As relayed in my previous post, “TWO RABBITS, ONE DEAD,” by the early to mid-1980s, the Patent Annuity payment business had evolved to the point where corporate patent owners had lost interest in a basic renewal service. (See my post, “THE BIGGER IDEA (AND ME AS WINGBOY)” for a basic explanation.) What they did clamor for, however, was software to manage their patent files and operations.
These patent departments were awash in paper! They desperately needed to computerize their operations. By converting paper to electronic files, they could junk their antiquated manual reminder systems. In other words, it was time for them to turn their operations into a modern computer-managed process.
A cheaper and more efficient renewal payment service just didn’t set any bridges on fire anymore. At least, not like it had in the 1960s. Disruption had moved on.
Dad was extremely resistant to extend the Olcott International brand to a marketable piece of software. That would have entailed restructuring his business to meet the emerging disruption (please review Rebecca Henderson and Clay Christensen, disruptive innovation experts at the Harvard Business School). Dad now confronted the same disruption challenge he had once imposed. To respond or not; to react incrementally or radically?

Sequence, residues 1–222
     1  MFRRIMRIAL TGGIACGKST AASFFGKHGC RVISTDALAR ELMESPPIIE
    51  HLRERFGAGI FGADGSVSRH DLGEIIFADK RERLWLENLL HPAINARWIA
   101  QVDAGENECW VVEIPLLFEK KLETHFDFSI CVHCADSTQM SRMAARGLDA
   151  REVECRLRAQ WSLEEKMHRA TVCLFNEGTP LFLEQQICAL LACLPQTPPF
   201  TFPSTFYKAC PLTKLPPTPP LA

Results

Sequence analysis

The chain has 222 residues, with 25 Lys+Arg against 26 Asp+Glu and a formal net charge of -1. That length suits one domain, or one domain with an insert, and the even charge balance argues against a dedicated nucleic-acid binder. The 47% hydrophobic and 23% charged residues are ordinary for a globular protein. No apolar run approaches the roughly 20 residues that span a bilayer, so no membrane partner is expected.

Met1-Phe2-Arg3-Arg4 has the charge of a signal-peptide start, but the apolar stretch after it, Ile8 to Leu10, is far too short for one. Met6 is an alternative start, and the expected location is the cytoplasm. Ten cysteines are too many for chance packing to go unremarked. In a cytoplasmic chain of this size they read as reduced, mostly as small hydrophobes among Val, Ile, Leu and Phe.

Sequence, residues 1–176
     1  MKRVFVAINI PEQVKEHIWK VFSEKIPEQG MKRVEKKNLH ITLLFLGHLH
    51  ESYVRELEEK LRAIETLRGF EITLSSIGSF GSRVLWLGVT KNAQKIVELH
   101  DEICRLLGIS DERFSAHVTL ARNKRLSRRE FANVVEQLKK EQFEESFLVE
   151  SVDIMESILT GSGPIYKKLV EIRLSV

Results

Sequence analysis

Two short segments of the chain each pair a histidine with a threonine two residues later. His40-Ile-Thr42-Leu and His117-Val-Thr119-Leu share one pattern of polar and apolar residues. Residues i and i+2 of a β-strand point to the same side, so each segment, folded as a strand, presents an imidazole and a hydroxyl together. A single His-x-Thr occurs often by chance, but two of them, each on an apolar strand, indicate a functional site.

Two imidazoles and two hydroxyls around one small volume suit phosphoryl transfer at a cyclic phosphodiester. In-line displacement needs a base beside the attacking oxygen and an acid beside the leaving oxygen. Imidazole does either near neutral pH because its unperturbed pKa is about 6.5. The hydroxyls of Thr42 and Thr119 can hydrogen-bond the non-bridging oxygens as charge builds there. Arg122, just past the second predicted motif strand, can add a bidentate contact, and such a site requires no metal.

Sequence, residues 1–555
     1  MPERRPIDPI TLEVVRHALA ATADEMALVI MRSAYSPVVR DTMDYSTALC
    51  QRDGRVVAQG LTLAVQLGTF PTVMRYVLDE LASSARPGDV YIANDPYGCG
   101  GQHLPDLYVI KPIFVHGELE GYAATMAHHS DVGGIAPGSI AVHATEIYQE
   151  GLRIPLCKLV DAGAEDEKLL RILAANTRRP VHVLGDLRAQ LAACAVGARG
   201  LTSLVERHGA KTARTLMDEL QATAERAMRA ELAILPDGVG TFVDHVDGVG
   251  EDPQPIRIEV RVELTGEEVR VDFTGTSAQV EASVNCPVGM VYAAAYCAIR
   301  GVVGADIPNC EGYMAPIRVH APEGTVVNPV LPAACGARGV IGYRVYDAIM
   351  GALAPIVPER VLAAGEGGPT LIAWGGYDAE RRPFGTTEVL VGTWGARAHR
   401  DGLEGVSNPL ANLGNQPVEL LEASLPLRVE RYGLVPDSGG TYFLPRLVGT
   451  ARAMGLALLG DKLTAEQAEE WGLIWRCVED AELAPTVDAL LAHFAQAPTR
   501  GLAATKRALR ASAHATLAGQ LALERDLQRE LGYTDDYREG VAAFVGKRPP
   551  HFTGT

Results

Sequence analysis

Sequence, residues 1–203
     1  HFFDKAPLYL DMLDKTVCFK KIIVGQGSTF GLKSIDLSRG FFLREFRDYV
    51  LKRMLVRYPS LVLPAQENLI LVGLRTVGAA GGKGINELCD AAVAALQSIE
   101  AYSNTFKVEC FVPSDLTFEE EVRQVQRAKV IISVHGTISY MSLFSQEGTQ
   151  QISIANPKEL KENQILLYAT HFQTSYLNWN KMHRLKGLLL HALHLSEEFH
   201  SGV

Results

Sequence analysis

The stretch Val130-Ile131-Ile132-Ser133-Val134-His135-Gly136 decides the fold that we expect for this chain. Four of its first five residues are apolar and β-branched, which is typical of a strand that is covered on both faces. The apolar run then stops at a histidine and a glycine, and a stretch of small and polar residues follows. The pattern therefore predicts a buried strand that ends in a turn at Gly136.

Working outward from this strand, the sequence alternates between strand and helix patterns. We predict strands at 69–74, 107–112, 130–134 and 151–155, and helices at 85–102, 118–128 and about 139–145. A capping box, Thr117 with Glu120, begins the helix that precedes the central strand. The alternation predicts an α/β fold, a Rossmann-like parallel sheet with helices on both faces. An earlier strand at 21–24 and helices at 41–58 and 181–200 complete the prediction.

At the time, I was of limited help in addressing this existential threat as I was completely computer illiterate. We did have some kind of mini-computer in the basement that kept our clients’ patent data on big removable disk drives. (We had off-site storage facilities to prevent loss from fire, Bigfoot, or nuclear attack).